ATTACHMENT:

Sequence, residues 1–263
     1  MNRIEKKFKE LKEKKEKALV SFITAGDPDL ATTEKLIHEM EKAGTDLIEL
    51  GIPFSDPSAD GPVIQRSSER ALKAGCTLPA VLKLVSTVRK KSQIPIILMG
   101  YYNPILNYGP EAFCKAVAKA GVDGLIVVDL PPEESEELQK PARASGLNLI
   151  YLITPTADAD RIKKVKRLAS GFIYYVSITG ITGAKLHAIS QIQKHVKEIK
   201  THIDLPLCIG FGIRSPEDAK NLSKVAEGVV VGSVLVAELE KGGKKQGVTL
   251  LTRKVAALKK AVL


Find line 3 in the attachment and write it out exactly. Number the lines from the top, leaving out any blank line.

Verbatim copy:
    51  GIPFSDPSAD GPVIQRSSER ALKAGCTLPA VLKLVSTVRK KSQIPIILMG